This deck may look deceptively simple on the surface, but there are a few areas where you can fall prey to pitfalls and misplays that will get a won game stolen right out from under you. First and foremost, snapping too early is a huge mistake. Even if you get Angela with Ebony Maw in a lane early, there are decks that can push over that lane with the right hand, and if you Snap too early you will be forced to Retreat.

Additionally, it is absolutely essential to keep in mind that you are basically passing turn 4. The effect is definitely worth it, don’t get me wrong, but in the board presence sense, you are putting a single power down while your opponent could be putting down a whole lot more. Make sure you are confident that you can close the game out if you want to consider a Snap before seeing what your opponent plays on 4.

Lastly, try to stay consolidated into just two lanes as much as possible. Since you’re committing almost everything early into a lane with Ebony Maw and playing Sandman on 4, you usually only have 2 cards split between turns 5 and 6 to dedicate to the rest of the board. Make sure they work together! That being said, the opposite also applies. If you don’t draw Sandman for turn 4, you have all the benefits of your full mana pool and the ability to play multiple cards per turn. Make use of those attributes wisely.

Tech Options

As far as Pool 2 tech options go for this deck, there isn’t a whole lot of room for flex slots. As I mentioned earlier, Vision is the card that can most easily be replaced, and if you so desire I would recommend the biggest 4-cost or 5-cost card you have; usually Warpath or Jessica Jones would be a safe bet.

If you’re looking to spice up this list with some of your Pool 3 collection, then you can start off with using Captain Marvel over Vision. This deck has some amount of trouble with deciding which lane to play in on turns 5 and 6, and with Captain Marvel you can sacrifice 1 power to have her decide for you! Another Pool 3 tech option is Zero, to provide both a consistent 1|3 body as well as remove Ebony Maw‘s Ongoing effect. He still needs to be played by turn 3, but without the restriction against playing cards in the same lane you can continue to build power on later turns.

Meta Matchups

The widespread nerfs to aggro in the most recent patch have caused a sort of meta duality. The majority of the playerbase now has access to Killmonger, so aggro decks’ popularity decreased severely. But as a result, people have stopped running Killmonger nearly as often. Keep in mind that this deck’s viability will always fluctuate with Killmonger’s popularity in the meta, and can be hedged against in extreme cases with cards like Armor.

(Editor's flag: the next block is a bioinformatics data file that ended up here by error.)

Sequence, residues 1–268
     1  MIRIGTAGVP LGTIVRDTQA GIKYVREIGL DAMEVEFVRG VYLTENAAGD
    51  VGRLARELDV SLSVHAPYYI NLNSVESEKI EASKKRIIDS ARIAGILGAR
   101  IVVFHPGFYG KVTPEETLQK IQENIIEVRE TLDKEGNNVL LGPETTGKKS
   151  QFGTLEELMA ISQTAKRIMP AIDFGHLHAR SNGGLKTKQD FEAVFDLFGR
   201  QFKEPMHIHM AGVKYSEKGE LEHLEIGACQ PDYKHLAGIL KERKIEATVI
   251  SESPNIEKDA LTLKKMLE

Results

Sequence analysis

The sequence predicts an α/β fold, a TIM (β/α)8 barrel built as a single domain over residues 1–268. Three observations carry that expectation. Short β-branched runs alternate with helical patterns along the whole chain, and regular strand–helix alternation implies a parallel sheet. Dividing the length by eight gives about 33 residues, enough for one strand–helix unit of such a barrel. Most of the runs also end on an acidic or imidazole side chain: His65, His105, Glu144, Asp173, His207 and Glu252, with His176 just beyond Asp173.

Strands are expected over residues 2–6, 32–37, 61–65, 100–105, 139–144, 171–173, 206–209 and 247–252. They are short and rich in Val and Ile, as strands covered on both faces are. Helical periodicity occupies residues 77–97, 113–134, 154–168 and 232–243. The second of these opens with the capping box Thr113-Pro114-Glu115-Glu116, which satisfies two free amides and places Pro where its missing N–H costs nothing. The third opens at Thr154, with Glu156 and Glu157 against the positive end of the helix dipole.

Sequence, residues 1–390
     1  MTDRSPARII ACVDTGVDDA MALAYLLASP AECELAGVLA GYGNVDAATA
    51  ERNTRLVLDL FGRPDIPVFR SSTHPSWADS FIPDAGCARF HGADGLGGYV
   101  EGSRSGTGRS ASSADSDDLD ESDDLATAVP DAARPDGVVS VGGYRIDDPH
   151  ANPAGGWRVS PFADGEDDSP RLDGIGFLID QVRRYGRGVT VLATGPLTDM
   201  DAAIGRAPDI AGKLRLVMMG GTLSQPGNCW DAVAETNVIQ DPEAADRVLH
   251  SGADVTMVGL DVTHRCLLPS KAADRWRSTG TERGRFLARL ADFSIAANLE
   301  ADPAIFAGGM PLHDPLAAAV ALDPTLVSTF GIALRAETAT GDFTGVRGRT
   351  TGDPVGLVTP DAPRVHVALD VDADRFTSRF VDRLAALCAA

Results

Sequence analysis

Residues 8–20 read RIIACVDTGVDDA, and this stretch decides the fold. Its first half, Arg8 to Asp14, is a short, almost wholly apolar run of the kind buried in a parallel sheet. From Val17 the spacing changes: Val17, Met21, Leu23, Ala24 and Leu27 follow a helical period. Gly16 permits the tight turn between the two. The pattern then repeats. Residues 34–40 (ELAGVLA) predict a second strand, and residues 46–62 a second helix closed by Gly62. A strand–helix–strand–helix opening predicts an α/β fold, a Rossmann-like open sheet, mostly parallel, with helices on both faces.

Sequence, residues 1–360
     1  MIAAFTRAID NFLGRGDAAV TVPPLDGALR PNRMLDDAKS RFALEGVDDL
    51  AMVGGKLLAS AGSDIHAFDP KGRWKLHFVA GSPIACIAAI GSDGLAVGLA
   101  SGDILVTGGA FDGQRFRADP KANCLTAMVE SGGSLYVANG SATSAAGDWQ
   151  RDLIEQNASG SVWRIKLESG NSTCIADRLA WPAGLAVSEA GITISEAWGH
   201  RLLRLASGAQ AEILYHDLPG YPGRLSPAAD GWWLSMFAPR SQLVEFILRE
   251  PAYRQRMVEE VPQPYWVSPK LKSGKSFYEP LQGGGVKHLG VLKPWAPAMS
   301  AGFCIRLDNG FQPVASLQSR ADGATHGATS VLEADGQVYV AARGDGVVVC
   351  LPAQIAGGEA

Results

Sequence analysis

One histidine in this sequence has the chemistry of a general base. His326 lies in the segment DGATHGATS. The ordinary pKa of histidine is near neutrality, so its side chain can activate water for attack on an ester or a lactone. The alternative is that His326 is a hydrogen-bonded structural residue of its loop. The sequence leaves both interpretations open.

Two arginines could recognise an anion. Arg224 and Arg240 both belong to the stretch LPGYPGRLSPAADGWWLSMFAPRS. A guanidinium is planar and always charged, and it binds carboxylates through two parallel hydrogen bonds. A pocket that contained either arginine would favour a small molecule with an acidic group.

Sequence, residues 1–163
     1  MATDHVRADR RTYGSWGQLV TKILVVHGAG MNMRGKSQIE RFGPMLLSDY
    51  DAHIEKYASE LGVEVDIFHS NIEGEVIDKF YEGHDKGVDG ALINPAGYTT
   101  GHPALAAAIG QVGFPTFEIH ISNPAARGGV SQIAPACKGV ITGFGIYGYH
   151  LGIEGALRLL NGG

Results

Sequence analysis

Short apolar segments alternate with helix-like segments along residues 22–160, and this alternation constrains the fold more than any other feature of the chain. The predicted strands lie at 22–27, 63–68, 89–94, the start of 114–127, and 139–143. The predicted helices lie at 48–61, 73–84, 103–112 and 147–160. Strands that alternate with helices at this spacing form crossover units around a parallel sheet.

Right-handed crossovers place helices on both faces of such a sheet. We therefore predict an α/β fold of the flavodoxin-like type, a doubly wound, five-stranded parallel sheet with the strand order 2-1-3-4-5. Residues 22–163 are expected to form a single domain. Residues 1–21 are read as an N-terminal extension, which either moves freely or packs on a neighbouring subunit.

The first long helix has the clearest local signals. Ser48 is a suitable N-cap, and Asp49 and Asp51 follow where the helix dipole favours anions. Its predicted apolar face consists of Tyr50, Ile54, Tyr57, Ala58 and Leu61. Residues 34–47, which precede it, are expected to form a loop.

That being said, let’s go over some matchups you might see on the ladder today:

  • Against Death Wave, you are exceptionally favored if they don’t draw Killmonger, which is quite something considering the strength of the deck. Unless they have an exceptionally strong early game, Sandman stops Death from coming down on the same turn as another huge card on 6 so you can close out games quickly and efficiently. That being said, Killmonger is a massive threat that you have to be hedging against constantly.
  • Against Swarm Aggro, you also have a very favorable matchup. In this case, you will be playing much more quickly early game, not needing to save up hand size for Nakia, and you completely shut down their turn 6 Swarm plays so all you need to do is deal with America Chavez on 6.
  • One of the most difficult matchups for this deck without question unfortunately is Ghost Rider Ramp. The fact that they can play Lady Sif early and then Ghost Rider on a later turn to drop 23 power in one card is almost unbeatable. Your only hope against this deck is that they either don’t draw the combo, or you guess right and play in the lane they don’t use Ghost Rider in. Tread very carefully.

Closing Notes

For a deck that is a bit more off the beaten path than most, Sandman Aggro performs very well on ladder. If you’re looking for a cheap and fun deck to make use of your new Pool 2 cards, I highly recommend giving it a try! Don’t forget your limitations playing this deck though, remember you are getting ahead on tempo early in order to sacrifice a ton back on turn 4.

Special shoutout to Eternal Eclipse for helping me theorize on this list! If you enjoyed this article, have any questions on why I made certain decisions, or other feedback, feel free to comment below, join our Discord server, or check out my Twitter @StellaTetris. Congratulations on your new Pool 2 cards, and good luck disintegrating your opponents with Sandman!

Stella
Stella

Longtime CCG player and member of Team Keg! Masters in Legends of Runeterra/Shadowverse/Gwent, Legend in Hearthstone, Diamond/King of Games in Master Duel/Duel Links and Day 1 Infinite in Marvel Snap. I am also a Konami Official Judge and love teaching new players! Follow me on Twitter at @StellaTetris for more Marvel Snap content.